I have to confess that my experience of Brazilian cinema is slight and spotty. The first Brazilian film I can recall seeing was Carlos Diegues’ Bye Bye Brazil (1980), a comic survey of contemporary Brazil, inflected with magical realism, as seen from a traveling carnival. The next year it was Hector Babenco’s Pixote (1981), a grim and powerful slice of social realism about the brutal lives of street kids in Sao Paulo. Then there was Walter Salles’ Central Station (1998), another journey film, but with a light and charming humanistic tone. And then, later, on disk there were the demented movies of José Mojica Marins aka Zé do Caixão (aka Coffin Joe), who dredged dark nightmares (inflected with wicked humour) from the Catholic subconscious of the country.
But I’m embarrassed to say that I know almost nothing of Cinema Novo, the Brazilian movement which roughly paralleled the nouvelle vague from the late 1950s to the early ’70s, with filmmakers tackling Brazilian history and politics in reaction to an industry which had previously dealt mostly in the distractions of light entertainment. I don’t think I’ve seen anything by Glauber Rocha, who was something like the godfather of the movement.
But just over a decade ago, I read a review of a new DVD release which sounded interesting. Coming from New Yorker Films, it was a film first released towards the end of Cinema Novo, a remarkable feature by a director named Nelson Pereira dos Santos called How Tasty Was My Little Frenchman (1971). Set in the late 16th Century when French and Portuguese adventurers and traders were looking for ways to exploit what would eventually become Brazil, it recounts the adventures of a Frenchman who has been taken prisoner by a band of Portuguese, who in turn are attacked and captured by members of an indigenous tribe. At the time various tribes had allied themselves to the different European invaders and the Frenchman attempts to convince his captors that he isn’t Portuguese, but rather one of their friends. Language gets in the way, though, and he is told that he’ll be living among them for eight months and then eaten.
For the duration of his captivity he is given a wife and works among the Indians, introducing some productive agricultural techniques. When a French trader arrives, he hopes to finally convince the tribe that he is indeed French himself, but the man sees him as a valuable asset for stripping the tribe of its wealth and to keep him in place he tells the chief that the Frenchman is definitely Portuguese. Time passes; he lives a relatively happy existence; but eventually he does try to escape, stopped by his “wife” with an arrow in the leg. She likes him and is looking forward to the time when she will be get eat a choice portion. By the end of the eight months, he has accepted his fate and submits to the tribe, a foreigner now completely consumed in a ceremony which represents the assimilation of the European into the indigenous culture.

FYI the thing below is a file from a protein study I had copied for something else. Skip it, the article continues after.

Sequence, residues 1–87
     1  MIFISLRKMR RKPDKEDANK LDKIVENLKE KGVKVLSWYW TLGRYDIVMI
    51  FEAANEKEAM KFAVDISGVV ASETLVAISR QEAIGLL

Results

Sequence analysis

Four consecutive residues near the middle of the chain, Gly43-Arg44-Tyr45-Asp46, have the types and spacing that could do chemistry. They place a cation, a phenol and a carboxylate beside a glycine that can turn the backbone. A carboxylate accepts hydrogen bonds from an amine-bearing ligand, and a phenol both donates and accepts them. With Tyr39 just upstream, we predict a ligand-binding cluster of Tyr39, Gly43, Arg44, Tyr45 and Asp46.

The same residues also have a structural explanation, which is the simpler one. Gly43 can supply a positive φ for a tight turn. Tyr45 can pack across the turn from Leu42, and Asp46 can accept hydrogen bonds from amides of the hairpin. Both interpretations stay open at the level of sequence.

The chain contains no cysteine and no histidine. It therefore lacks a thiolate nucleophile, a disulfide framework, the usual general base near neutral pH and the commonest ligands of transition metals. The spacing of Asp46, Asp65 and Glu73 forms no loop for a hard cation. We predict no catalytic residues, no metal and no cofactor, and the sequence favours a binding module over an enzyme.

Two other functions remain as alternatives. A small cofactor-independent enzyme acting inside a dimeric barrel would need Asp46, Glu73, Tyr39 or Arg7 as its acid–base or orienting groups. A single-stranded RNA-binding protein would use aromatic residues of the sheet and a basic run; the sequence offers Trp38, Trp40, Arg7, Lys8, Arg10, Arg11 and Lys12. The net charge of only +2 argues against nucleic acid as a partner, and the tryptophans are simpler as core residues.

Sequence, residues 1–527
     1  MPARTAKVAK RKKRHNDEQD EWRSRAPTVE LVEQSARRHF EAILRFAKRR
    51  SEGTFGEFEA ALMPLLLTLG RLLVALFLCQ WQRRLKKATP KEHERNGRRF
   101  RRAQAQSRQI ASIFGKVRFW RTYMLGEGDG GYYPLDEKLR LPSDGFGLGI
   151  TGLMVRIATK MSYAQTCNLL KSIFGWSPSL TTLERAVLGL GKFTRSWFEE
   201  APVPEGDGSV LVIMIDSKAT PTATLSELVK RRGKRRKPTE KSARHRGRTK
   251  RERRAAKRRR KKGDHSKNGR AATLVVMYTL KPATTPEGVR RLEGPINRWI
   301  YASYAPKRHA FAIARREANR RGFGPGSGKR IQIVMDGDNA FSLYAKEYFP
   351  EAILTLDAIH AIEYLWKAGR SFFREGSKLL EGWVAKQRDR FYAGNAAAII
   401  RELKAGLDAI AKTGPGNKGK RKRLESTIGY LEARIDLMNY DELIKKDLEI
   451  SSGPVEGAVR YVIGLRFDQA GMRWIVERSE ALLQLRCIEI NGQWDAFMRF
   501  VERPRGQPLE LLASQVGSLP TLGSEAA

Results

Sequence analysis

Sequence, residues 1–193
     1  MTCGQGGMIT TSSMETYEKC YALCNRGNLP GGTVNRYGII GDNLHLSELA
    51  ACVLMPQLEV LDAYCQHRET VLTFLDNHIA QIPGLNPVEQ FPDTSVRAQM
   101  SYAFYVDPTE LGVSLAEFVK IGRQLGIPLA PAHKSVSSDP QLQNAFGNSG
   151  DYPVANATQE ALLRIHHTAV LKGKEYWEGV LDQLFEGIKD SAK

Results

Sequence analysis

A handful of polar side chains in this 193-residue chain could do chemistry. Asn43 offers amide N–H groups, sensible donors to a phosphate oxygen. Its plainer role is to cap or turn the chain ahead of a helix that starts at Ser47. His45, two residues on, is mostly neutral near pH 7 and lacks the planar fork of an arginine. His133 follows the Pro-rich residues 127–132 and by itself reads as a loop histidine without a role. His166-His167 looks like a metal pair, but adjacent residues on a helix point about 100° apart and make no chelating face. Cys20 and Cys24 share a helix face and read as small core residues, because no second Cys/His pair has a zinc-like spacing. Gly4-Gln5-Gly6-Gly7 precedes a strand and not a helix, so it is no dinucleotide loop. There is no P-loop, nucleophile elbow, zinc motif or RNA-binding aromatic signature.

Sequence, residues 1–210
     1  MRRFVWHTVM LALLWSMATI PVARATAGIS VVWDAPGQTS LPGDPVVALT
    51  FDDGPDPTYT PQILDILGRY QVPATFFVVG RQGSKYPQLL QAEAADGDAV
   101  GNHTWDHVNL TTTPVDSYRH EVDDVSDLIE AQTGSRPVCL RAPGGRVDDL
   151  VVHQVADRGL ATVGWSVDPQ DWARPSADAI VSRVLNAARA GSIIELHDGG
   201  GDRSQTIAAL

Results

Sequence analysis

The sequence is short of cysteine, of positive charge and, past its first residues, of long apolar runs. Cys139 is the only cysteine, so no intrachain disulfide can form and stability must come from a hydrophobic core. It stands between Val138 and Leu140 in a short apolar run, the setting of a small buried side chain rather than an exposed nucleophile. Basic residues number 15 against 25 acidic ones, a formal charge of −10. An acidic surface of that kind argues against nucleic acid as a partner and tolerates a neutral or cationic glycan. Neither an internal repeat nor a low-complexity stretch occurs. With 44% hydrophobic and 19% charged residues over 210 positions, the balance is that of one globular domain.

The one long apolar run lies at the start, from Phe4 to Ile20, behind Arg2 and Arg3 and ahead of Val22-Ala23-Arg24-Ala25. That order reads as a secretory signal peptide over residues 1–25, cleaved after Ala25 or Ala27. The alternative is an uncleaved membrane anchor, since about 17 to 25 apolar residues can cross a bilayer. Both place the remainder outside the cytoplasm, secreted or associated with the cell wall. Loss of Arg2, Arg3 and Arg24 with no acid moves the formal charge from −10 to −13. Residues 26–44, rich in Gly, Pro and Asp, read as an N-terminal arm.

But while this seems to indicate a triumph of the native population over the invader, a final title card quickly fills in the historical detail that soon the first governor of Brazil would oversee the complete massacre of the tribe.
Shot with an attention to ethnographic detail, How Tasty at times seems like a documentary (much of it is hand-held); its depiction of unselfconscious nudity throughout evokes a kind of primal innocence despite the fact that the various tribes are continuously fighting (and occasionally eating) each other. While from a European perspective, their practices are “uncivilized”, they are shaped by honour and respect – while the Europeans are driven by greed and malice. The film is sensuous, shot through with satirical observations about the clash of these cultures, and melancholy in its evocation of a world soon to be overrun and destroyed by the invaders’ arrogant belief in their superiority.
How Tasty Was My Little Frenchman makes an interesting companion piece with Werner Herzog’s masterpiece Aguirre, der Zorn Gottes (Aguirre, the Wrath of God, 1972), which elides the native population of the Amazon basin in its depiction of that same greed and arrogance. In Herzog’s version of the 16th Century European incursion, it is the land itself which defeats the invaders, its vastness and potential wealth driving the Spanish conquistadors insane. But both films combine a sense of historical authenticity with contemporary themes satirizing the clash between European power and indigenous peoples inhabiting a natural world. Herzog’s target is the innate sources of fascism, while dos Santos’ is the contrast between absorption and exploitation. In How Tasty, the Europeans want to strip the new world of its material wealth, while the indigenous peoples seek balance and harmony.
I’ve just re-watched How Tasty Was My Little Frenchman because Nelson Pereira dos Santos died on April 21. I’d be interested to see some of his other work (he made documentaries and features from 1949 to 2013) … and How Tasty is in serious need of a restoration (the out-of-print New Yorker DVD isn’t of very good quality, with a soft image and frequently unnatural colours).